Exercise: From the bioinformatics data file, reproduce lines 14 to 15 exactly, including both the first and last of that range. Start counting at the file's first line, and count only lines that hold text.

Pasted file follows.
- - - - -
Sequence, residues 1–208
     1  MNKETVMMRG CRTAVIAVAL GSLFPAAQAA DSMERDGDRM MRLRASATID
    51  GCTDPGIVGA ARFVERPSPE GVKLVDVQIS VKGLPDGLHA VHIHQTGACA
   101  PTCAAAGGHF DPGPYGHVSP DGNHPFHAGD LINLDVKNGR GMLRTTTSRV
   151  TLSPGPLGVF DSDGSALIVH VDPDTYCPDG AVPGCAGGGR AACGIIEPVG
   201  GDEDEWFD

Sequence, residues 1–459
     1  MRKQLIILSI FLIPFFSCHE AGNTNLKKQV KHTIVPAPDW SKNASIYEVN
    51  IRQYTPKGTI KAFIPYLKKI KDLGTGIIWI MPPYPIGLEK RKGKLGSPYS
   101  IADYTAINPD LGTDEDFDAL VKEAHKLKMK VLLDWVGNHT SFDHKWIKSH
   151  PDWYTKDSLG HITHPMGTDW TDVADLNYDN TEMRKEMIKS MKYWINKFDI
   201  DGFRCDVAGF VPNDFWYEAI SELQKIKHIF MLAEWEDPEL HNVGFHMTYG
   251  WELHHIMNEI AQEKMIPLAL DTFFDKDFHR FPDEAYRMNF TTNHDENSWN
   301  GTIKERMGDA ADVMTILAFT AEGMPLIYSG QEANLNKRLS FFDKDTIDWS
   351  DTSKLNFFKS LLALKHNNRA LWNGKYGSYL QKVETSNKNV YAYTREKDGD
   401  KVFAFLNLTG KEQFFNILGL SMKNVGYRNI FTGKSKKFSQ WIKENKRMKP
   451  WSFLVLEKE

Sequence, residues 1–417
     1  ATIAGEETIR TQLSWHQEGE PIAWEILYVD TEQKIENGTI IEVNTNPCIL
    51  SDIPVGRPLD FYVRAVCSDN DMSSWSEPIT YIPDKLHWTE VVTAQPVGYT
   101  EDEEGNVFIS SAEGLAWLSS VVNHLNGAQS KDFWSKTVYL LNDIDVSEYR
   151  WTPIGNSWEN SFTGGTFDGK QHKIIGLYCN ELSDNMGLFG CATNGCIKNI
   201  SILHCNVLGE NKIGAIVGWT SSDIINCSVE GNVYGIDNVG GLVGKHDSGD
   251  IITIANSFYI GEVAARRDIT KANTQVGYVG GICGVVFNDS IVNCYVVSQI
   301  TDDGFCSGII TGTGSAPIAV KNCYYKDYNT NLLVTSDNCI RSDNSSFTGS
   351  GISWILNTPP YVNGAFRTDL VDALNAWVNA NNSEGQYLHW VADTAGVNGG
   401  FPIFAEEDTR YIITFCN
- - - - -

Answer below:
   301  GTIKERMGDA ADVMTILAFT AEGMPLIYSG QEANLNKRLS FFDKDTIDWS
   351  DTSKLNFFKS LLALKHNNRA LWNGKYGSYL QKVETSNKNV YAYTREKDGD